Today we’ll explore two very unusual days at work as representatives of the many instances in the Bible when God met people in their workplace and changed the course of their life. You might not immediately think of the Jewish temple as a workplace, but scholar Aaron Kuecker points out the temple was the center of Jewish economic and social life in addition to being a religious facility. Priests and Levites there were engaged in butchery, cooking, janitorial work, accounting, and a wide variety of other activities.
Luke 1:8–9 provides a window into the temple’s management: “Once when Zechariah’s division was on duty and he was serving as priest before God, he was chosen by lot, according to the custom of the priesthood, to go into the temple of the Lord and burn incense.” In his commentary on Luke, Darrell Bock explains that as one of about 18,000 priests, Zechariah served in the temple twice a year, but only once in his life would he get to assist in the daily offering by going into the holy place. His job was to offer incense as a sign of intercession rising to God, and one can’t imagine a more dramatic moment for the angel Gabriel to appear.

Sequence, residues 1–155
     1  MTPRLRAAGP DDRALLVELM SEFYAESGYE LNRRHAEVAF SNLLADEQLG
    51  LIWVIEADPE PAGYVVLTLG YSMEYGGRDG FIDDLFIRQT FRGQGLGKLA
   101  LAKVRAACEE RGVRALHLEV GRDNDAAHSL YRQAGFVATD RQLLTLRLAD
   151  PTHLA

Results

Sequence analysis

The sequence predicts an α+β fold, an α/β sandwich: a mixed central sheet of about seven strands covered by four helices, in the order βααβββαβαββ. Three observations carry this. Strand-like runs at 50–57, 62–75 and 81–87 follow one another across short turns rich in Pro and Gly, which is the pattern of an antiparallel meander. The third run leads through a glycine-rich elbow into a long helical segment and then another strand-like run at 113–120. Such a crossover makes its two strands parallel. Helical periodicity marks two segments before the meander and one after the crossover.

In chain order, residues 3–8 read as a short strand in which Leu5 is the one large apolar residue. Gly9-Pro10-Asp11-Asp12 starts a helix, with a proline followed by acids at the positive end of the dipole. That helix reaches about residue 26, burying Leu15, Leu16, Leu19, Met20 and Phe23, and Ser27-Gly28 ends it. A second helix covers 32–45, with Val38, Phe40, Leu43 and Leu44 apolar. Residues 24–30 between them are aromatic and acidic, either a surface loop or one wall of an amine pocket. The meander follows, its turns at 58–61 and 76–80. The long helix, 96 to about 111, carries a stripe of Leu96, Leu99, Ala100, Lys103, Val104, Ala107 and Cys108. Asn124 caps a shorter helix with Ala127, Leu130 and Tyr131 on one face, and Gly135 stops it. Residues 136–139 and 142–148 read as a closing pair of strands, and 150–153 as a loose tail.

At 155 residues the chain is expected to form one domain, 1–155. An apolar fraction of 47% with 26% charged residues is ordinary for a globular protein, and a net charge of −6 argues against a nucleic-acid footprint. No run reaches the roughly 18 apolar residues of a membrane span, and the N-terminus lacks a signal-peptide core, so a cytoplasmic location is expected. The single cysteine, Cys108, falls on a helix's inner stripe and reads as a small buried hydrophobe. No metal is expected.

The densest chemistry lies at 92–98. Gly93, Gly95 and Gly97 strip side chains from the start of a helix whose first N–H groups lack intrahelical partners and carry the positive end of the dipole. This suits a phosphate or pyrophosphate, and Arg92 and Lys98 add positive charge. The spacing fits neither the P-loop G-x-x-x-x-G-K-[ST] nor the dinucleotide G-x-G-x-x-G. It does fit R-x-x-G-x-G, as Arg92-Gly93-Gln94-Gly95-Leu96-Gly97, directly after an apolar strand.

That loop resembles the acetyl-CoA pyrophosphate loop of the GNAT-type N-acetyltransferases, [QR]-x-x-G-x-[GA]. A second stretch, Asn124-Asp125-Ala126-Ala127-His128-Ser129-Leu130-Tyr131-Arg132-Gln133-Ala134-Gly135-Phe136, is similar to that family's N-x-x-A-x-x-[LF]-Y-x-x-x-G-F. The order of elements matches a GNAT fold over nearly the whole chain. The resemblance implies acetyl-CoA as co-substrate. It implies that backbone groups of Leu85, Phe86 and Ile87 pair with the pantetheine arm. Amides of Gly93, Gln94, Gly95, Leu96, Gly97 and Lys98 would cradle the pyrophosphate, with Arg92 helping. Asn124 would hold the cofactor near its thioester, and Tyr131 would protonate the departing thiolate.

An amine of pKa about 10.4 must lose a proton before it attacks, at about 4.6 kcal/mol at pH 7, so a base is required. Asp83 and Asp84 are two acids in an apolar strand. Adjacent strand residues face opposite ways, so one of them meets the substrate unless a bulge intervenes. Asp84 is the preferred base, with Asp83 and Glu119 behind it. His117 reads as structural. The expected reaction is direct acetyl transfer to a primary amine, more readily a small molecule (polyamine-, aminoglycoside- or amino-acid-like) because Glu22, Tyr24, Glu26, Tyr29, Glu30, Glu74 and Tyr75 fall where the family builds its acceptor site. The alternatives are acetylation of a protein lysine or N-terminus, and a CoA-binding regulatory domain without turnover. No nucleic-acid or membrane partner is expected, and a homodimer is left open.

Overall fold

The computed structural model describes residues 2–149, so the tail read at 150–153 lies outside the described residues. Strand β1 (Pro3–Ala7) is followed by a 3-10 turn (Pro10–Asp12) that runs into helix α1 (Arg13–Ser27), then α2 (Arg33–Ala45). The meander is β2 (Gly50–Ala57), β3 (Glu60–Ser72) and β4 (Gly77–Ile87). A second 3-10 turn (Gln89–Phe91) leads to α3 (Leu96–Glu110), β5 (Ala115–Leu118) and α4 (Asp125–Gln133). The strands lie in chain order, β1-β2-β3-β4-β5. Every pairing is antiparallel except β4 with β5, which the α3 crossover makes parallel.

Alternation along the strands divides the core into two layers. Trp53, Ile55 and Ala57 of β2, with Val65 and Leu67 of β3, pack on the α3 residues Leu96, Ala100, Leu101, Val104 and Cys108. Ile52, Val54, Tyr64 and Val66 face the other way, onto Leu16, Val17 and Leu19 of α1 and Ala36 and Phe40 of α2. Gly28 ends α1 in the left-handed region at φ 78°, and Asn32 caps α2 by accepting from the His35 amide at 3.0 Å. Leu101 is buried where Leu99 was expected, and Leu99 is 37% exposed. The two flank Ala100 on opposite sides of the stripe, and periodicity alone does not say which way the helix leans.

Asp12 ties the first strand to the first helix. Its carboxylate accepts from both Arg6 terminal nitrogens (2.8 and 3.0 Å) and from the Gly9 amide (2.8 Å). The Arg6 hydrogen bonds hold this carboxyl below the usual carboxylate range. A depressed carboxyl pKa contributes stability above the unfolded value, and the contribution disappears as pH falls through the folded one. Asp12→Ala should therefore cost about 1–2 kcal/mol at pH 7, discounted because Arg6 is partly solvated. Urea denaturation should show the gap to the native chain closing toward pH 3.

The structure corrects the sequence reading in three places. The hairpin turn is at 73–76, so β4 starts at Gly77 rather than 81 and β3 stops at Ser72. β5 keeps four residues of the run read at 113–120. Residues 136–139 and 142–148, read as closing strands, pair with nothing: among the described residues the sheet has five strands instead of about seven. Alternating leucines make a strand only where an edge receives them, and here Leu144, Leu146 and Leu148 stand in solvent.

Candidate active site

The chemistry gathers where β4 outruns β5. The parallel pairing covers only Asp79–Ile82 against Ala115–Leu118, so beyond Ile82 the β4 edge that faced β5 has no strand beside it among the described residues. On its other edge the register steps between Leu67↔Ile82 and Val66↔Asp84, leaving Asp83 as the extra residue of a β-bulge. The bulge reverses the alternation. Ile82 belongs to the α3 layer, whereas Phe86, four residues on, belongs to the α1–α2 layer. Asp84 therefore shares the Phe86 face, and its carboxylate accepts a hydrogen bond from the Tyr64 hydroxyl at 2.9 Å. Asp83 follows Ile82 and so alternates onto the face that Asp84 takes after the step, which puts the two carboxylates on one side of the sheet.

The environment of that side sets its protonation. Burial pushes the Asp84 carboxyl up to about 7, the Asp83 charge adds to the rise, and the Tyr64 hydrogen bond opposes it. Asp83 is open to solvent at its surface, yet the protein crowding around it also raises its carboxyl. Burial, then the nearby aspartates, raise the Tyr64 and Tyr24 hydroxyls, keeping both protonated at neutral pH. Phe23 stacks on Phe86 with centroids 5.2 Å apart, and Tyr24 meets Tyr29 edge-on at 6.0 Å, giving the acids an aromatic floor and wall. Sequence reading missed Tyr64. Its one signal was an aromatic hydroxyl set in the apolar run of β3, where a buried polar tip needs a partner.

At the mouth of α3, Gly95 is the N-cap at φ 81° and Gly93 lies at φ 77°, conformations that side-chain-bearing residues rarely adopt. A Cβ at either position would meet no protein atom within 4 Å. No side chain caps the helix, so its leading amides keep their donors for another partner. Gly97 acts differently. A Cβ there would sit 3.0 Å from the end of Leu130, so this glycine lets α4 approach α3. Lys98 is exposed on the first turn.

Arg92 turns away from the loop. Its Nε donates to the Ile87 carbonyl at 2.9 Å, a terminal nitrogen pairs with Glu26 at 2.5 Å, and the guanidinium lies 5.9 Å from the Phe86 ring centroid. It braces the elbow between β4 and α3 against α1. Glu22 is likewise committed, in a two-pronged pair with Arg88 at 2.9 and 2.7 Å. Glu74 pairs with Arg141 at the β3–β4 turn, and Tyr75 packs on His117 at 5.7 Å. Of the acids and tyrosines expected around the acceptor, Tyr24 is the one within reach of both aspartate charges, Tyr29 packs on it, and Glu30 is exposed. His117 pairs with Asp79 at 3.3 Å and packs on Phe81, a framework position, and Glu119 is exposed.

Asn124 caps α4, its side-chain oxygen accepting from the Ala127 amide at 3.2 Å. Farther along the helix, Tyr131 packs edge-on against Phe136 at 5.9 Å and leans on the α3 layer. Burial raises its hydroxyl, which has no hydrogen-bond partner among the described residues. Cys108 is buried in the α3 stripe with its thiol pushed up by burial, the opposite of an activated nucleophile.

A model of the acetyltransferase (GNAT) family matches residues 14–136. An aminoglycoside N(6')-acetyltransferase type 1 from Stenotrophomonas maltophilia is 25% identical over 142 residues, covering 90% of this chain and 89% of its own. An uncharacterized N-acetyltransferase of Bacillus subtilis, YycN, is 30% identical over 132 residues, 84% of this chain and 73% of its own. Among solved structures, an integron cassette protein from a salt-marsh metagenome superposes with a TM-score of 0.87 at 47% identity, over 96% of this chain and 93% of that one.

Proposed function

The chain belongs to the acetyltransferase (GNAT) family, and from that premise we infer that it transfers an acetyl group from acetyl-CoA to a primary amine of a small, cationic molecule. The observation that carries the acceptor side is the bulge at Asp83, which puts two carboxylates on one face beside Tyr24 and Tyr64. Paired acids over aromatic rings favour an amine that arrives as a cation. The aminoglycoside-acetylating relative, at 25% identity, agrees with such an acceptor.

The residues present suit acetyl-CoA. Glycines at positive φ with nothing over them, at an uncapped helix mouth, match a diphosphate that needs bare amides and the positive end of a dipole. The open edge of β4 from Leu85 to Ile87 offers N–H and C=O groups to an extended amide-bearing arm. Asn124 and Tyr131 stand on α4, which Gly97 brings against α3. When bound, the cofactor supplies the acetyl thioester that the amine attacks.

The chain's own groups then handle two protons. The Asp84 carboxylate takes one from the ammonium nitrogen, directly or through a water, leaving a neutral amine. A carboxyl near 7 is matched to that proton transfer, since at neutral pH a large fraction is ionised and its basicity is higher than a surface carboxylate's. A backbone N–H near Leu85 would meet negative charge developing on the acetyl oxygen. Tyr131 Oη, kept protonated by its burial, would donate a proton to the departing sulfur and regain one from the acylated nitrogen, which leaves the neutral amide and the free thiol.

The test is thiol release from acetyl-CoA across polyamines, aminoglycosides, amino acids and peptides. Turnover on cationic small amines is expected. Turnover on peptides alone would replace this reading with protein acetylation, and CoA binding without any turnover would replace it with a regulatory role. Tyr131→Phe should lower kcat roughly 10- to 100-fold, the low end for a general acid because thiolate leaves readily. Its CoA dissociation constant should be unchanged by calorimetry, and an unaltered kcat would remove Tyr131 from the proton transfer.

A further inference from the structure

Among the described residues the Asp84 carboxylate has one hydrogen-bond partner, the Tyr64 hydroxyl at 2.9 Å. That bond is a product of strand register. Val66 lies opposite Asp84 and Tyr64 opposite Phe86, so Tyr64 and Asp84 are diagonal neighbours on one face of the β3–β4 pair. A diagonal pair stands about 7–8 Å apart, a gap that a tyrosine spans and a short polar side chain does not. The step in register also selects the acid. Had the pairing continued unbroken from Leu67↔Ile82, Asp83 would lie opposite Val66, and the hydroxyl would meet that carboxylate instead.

In contrast, the shepherds in Luke 2 were keeping watch over their flocks on a night just like countless other nights when a heavenly host of angels suddenly appeared heralding Christ’s birth. In the social hierarchy of the first century, shepherds were near the bottom, since they had to wrangle dirty animals for a living. From temple priests to smelly shepherds, God breaks into the workplace in order to bring people into an encounter with His good news. No profession is too grand or too lowly to escape God’s care.